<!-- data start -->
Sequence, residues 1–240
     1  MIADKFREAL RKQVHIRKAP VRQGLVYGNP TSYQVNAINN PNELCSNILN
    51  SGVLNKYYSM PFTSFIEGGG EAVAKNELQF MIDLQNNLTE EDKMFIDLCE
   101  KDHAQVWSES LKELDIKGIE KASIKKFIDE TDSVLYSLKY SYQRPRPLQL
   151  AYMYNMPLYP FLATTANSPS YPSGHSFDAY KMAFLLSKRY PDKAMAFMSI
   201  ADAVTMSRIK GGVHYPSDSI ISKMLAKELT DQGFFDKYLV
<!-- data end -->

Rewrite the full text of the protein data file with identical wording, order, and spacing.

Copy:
Sequence, residues 1–240
     1  MIADKFREAL RKQVHIRKAP VRQGLVYGNP TSYQVNAINN PNELCSNILN
    51  SGVLNKYYSM PFTSFIEGGG EAVAKNELQF MIDLQNNLTE EDKMFIDLCE
   101  KDHAQVWSES LKELDIKGIE KASIKKFIDE TDSVLYSLKY SYQRPRPLQL
   151  AYMYNMPLYP FLATTANSPS YPSGHSFDAY KMAFLLSKRY PDKAMAFMSI
   201  ADAVTMSRIK GGVHYPSDSI ISKMLAKELT DQGFFDKYLV